I understand that some churches prefer not to lean into data analytics. However, let’s keep in mind that it’s just a matter of a mental reframe. You could look at data as something only for business. But, what if I suggested that data could help church leaders grow their ministries and programs? For instance, let’s say one of your programs addresses homelessness. With data, you could understand how your program is performing concerning the broader community efforts. Further, you could demonstrate (especially to funders) that you have the results to assist people significantly.

Data is not something that should be reserved only for the business world. In reality, information is something that could help church leadership expand their programs. But, it could also help them increase, for instance, their revenue. As we know, different people support social organizations, including churches, for various reasons. Moreover, they also want to support efforts in different ways. So, you might have people who still want to write the check. But, you have many others now who may see something on social posted by a church and get motivated to give. Therefore, church leaders who lean into data could find new revenue growth activities they never considered.

Also, growth for any organization means creating a culture of learning. Thus, as it relates to church leadership, if you have the mindset and lean into the data, you inevitably want a team of people to support your efforts. Additionally, this team of people (e.g., volunteers, staff) have to have the energy, creativity, and inquisitiveness to want to execute on the strategies. Therefore, the people church leaders seek to include in important initiatives have differing skillsets from the past. Add to that management of remote teams, and you have wholly new ways of doing things.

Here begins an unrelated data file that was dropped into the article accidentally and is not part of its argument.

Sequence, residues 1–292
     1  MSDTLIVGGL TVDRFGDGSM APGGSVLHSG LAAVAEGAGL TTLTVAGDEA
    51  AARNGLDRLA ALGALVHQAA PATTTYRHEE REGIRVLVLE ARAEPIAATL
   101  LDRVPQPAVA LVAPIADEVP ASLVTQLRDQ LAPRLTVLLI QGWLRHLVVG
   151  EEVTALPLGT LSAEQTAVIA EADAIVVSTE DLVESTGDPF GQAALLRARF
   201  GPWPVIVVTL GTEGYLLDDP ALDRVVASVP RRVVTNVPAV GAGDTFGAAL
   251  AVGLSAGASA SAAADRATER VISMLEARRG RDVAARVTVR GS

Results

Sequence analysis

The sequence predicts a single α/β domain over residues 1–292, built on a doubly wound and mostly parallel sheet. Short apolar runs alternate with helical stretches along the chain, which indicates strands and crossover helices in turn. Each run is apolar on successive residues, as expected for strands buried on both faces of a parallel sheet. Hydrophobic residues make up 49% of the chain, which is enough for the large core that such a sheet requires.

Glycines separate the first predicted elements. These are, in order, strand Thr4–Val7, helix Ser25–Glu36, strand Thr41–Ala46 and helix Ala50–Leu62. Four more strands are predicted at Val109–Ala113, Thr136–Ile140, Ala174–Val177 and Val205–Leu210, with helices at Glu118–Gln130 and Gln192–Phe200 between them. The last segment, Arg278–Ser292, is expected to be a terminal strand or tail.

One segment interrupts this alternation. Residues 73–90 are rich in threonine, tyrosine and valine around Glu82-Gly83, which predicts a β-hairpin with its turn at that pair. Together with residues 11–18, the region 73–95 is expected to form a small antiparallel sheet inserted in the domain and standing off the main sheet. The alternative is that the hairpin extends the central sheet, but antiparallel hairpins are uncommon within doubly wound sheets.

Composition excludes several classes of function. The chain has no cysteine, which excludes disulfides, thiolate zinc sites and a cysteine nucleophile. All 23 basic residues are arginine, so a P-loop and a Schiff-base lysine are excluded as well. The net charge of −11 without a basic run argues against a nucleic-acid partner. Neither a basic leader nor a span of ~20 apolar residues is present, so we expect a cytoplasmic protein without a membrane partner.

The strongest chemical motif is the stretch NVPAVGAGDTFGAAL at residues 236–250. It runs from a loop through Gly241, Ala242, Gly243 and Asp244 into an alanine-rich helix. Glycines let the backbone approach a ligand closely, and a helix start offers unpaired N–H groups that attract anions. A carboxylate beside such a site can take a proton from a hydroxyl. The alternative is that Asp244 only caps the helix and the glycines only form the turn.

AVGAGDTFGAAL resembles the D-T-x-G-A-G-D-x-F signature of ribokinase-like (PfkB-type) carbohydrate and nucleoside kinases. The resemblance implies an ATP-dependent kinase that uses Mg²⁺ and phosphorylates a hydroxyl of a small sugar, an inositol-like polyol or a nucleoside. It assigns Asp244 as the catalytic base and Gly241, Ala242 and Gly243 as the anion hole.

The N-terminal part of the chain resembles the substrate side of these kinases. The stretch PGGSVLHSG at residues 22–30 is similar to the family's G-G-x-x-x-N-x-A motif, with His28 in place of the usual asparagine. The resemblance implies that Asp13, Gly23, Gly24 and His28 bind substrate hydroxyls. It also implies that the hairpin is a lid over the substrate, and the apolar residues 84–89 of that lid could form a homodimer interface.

Mastering the Pivot for Church Leaders

When you have the elements described above, then there’s a final ingredient. And, that’s the need for church leaders to master the pivot. So, what do I mean by that? Let’s go back to the idea of uncertainty. I think we could all agree that we live immersed in the unknown. However, we have to realize unknown variables now come at us with much higher frequency and in more disruptive ways. Therefore, the essential skill for any leader is to master the art of the pivot. In other words, leaders have to know how to move quickly and decisively in an evolving landscape.

One of the ways church leaders could ensure that they make reliable decisions as they pivot from topic to topic is through data. In other words, gut instincts and past experiences no longer count. For almost the entirety of the 20th Century, experience mattered. But that’s no longer the case. Today, informed decisions for growth get made with data. So, all leaders have to get used to the idea that data is the centerpiece for all decisions. It’s a humbling notion. But, once you accept the idea that data is central to decision-making, then you could navigate uncertain seas better.

In sum, today’s business and church leaders have to think differently. And, that’s because they operate in a world that is entirely unlike what has ever existed. It is so primarily because of the rise of technology, AI, and data. Consequently, opportunities exist for leaders to take advantage of new ways. Specific to churches, it could mean a significant expansion of their ministries. Think about it. What if church leaders absorbed modern methodologies for their operations? How much more could churches do in making a difference in their communities?

BEN STROUP is Chief Growth Architect and President at Velocity Strategy Solutions, where he helps leaders design, develop, and deploy data-driven growth strategies. Learn more about Ben and schedule your free 29-minute discovery session today.

Comment (1)

  • Mark Brooks

    Ben, Thanks so much for this post. Your new book is timely as every one of us is facing pivot decisions. Keep on writing my friend!

    August 4, 2020 at 10:56 am